They spoke to The Local about their arduous and often terrifying journey, with their eight-year-old son, Saad’s 78-year-old grandmother, his aunt and her four children.
Now safe in the small town of Göllersdorf in Lower Austria, Saad smiles as he gestures towards a pink garden fence and invites me in. “This is our home, sweet home,” he says. After 18 days in the overcrowded and “hellish” refugee reception centre in Traiskirchen, the family are grateful to have been given a place to live by the Diakonie charity, whilst they wait for their asylum claim to be processed.
Saad, a tall and striking 34-year-old, is an actor and stand-up comedian. His wife Oula was an assistant director in Syria, but made a film which was critical of the hijab worn by some Muslim women and was threatened by government officials. Many of their family members had already spoken out against the Syrian regime and had to seek asylum abroad after it became impossible for them to work in Syria.
Their lively son Ram, who also speaks English, just celebrated his ninth birthday and has started school in Austria. “We didn’t want to leave Syria, we wanted to be able to live somewhere where we could both pursue our chosen careers – but that was becoming impossible,” Oula told me.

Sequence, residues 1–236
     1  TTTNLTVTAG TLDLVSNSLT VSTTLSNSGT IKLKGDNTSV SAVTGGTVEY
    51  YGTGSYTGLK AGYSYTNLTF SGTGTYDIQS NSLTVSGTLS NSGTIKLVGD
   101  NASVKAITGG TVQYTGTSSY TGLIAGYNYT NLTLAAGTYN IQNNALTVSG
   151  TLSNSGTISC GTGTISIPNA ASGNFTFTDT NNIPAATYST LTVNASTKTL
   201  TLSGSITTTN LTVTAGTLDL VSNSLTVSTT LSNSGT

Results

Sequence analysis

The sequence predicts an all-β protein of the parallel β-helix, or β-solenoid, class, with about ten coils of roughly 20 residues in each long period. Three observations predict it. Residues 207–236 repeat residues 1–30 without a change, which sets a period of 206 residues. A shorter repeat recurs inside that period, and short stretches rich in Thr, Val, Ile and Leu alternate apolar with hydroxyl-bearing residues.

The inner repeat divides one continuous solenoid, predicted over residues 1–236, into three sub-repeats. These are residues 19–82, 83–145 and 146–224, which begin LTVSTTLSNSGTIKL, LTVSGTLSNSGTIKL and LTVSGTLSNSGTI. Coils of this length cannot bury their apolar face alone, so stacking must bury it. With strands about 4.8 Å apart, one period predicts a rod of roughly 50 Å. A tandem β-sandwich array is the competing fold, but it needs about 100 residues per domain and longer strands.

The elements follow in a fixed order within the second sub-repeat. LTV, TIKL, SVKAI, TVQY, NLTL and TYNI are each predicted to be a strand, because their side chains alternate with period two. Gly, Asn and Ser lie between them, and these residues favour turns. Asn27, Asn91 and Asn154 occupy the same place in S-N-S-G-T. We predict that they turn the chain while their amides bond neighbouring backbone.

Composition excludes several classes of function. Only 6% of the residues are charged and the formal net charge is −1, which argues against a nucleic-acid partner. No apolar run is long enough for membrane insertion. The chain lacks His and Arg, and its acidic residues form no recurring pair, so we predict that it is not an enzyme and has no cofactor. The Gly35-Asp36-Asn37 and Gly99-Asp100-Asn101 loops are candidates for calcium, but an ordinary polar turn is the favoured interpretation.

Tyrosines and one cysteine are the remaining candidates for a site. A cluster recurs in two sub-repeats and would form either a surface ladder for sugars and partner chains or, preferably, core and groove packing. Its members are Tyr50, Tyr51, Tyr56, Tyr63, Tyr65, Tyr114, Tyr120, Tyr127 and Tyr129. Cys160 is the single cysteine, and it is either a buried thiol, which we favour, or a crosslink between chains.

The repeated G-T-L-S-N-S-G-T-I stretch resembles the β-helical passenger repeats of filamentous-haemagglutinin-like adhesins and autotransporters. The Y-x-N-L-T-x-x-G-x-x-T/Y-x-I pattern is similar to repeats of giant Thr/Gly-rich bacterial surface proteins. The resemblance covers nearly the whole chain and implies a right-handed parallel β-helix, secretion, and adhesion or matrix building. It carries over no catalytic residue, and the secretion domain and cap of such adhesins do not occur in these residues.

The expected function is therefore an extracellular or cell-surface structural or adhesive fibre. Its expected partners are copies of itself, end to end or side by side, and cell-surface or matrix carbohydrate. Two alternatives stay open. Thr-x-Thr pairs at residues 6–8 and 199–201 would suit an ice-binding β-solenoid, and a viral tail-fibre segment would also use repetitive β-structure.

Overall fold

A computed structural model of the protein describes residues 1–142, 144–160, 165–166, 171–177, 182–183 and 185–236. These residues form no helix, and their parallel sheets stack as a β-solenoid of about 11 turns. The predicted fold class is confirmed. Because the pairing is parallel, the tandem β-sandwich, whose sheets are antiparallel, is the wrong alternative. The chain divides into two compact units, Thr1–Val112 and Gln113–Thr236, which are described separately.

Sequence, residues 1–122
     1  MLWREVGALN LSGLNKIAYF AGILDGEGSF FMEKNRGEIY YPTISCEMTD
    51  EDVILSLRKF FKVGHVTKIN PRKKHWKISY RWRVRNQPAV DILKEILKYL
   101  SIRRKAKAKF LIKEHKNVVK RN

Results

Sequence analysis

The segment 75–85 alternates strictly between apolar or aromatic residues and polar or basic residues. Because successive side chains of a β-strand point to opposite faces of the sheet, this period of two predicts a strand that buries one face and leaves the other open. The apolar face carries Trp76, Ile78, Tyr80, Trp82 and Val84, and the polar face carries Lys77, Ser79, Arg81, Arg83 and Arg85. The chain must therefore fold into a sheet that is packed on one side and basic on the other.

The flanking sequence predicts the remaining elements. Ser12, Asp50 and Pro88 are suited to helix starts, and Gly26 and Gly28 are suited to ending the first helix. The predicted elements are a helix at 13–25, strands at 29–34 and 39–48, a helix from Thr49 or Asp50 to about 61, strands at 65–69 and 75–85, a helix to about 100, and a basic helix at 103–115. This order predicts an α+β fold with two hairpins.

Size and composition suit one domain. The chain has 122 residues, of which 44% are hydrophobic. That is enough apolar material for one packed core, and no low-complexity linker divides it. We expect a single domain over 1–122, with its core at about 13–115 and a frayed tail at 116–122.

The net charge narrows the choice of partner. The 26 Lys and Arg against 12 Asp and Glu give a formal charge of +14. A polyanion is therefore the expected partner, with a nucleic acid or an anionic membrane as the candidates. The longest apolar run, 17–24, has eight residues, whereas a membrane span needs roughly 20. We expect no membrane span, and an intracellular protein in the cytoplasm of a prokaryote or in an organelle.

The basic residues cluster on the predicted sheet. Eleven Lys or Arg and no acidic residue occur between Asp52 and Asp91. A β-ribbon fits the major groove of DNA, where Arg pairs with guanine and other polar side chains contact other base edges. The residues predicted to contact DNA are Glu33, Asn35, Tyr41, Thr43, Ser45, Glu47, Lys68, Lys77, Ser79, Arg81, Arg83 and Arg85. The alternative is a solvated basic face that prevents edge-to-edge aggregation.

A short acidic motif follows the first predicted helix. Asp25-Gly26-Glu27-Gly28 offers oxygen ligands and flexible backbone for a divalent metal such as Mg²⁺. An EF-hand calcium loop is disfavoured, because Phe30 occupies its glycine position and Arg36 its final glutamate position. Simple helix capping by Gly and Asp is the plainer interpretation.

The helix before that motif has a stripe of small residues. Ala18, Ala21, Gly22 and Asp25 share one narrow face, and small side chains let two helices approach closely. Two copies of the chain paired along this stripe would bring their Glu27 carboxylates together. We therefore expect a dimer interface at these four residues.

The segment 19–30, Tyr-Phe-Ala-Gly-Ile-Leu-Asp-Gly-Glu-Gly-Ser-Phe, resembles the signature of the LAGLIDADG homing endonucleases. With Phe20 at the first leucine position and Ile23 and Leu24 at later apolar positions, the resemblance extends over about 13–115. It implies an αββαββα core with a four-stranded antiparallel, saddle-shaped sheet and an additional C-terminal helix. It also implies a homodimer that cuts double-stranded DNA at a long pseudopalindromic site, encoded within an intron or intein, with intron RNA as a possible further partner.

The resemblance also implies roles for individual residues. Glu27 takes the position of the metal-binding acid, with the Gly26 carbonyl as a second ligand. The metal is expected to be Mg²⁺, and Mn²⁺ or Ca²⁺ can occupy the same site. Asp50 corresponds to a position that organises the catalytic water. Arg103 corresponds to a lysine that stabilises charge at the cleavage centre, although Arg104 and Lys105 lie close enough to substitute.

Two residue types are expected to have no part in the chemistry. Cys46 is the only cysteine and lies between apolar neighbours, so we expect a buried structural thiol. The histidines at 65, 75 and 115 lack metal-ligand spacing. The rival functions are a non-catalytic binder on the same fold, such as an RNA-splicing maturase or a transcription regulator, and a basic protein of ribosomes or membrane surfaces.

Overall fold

Their decision to leave their home was sparked by one dreadful night during which more than 120 mortar bombs exploded in their neighbourhood. They lived at the top of an apartment building and it felt increasingly dangerous. “We had no water, no electricity, the city was fading away, dying before our eyes,” Saad said.
After getting in touch with friends who had already fled Syria they got a contact number for a man in Istanbul who could help smuggle them to a port in Turkey, where they planned to take a boat to Greece. They sold everything they had, including their car and clothes, to fund the trip – which ended up costing a total of around €60,000, Saad estimates.
'They see bags of dollars'
“We didn’t want to travel in one of those dinghy boats to Greece – we knew that would be too dangerous. So we spoke to a man who showed us a video of a tourist yacht that he promised we would be smuggled in,” he said. However, they quickly learnt that “all the people smugglers are liars. When they look at us, they don’t see people, they see bags of dollars.”
They travelled through Turkey in the back of small van which had capacity for 13 people but was carrying 25. “There were no windows and hardly any air and we drove on small, winding mountain tracks that were really footpaths – avoiding any checkpoints. The driver was driving so dangerously it was as if he was on drugs,” Saad recalls.
When they arrived at the port in Turkey, the ‘yacht’ turned out to be a large fishing boat, and they were crammed in the hold along with around 100 others. “We couldn’t stand up, we couldn’t move,” Oula recalls. “There was no air and soon everyone was vomiting.”
A Syrian fisherman captained the boat, and Saad believes he is part of a Syrian mafia making money from people who are fleeing the country. The crossing took seven hours, and towards the end it became rough and water started to come below deck.